So the questioner is a little confused and she is asking what to do? Does one seek to cleanse herself or does one need to plunge into her own conditioning? I will repeat the question for you. In the context of the pull of Maya and the worldly, here relating to the pull of the sexual energy, does one acknowledge it and transcend it by focusing on God ? or does one drop the defenses against Maya, go through the worldly and only then arrive at the door of the Ananth?

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Acharya Prashant on Veganism: Vedas and Milk

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Question: Acharya Ji, there are people who quote the Vedas and say “A Hindu is a good Hindu only if he drinks milk from the mother cow.” What is your take on that?

Acharya Prashant: See if you have named the Vedas, what is the central teaching of all the Vedic literature?

If you want to really know what the Vedic teaching is, you will have to go to the Upanishads. The Upanishads are called the “Vedanta”, which means the summit or the climax of Veda. And they go into the reality of man. What is the reality of man? The Upanishads are very forthright and unequivocal about it. They say, “Man is the Truth itself (Aham Brahmasmi).” Nothing else except the Truth. You are the ultimate finality. You are the total.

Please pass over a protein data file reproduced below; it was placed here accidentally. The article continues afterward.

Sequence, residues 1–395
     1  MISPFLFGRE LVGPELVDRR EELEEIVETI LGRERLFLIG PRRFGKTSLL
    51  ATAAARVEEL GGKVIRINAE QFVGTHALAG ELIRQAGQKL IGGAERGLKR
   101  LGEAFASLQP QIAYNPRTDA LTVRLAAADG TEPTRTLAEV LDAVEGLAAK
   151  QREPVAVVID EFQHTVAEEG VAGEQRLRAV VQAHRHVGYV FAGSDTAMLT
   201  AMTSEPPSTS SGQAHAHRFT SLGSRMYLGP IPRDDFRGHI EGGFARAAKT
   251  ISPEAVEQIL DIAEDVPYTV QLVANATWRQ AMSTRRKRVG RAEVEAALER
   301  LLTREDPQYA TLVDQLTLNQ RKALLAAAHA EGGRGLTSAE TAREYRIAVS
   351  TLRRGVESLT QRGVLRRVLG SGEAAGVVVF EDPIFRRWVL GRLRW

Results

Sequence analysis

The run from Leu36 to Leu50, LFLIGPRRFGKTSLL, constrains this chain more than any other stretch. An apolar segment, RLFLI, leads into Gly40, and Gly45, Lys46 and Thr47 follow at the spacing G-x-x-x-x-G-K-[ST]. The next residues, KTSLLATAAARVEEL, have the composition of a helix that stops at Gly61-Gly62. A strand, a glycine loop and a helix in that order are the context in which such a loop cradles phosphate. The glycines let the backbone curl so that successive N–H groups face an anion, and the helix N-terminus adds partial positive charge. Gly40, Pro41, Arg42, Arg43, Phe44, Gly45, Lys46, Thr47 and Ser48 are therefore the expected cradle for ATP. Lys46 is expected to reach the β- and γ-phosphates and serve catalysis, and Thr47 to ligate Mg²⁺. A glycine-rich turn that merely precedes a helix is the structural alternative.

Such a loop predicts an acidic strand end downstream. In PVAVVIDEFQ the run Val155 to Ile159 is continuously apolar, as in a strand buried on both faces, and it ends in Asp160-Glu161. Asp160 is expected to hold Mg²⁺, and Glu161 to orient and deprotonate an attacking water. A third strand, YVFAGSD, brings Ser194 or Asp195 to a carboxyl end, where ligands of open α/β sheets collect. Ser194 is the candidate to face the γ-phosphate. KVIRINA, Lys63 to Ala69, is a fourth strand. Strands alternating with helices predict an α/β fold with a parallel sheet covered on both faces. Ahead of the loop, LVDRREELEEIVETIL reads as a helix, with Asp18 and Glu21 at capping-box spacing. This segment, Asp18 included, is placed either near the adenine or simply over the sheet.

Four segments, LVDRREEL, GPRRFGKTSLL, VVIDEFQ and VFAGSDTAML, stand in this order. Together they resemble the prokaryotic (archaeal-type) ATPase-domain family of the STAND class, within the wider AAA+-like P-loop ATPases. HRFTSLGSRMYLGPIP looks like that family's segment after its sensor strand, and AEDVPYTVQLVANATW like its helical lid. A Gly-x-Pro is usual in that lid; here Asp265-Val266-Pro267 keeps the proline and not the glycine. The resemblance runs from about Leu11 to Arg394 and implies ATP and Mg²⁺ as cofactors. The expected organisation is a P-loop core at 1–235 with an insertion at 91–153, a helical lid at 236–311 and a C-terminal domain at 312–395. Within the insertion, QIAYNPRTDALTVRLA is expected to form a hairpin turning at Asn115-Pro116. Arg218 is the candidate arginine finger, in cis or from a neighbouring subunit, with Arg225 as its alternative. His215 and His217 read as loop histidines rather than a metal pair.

Now, if this is the position that the Vedic literature takes, then one cannot operate from a point of incompleteness, hollowness or desirousness. A lot of what we do, please see we do just in order to gain fulfillment. We say that the purpose of human Life is progress, don’t we? And we asses a human being according to how much he has been able to progress and contribute to progress.

And what is progress for us?
Knowing more; collecting more.

I’m not trying to unnecessarily be simplistic. Please go into it.

When you know more, when you collect more, is it something that happens only on the outside or does it also affects your self-worth? When you know more, your self-worth rises; when you collect more, again your self-worth rises. The Upanishads say, that your self-worth, that which you are, is any way infinite, you are anyway total. Now, go out and play. You are anyway perfect and complete. Now, do whatever you want to do. But do it from a point of perfection. Do it from a point of completion.

Do not do in order to gain something. Do not do in order to rise.

Act as if you are already there as if you are already complete.

That is what Vedas are all about.

Now, around this center, a lot has been said. Just a whole lot.

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Why does it appear that good people suffer and the evil keep enjoying?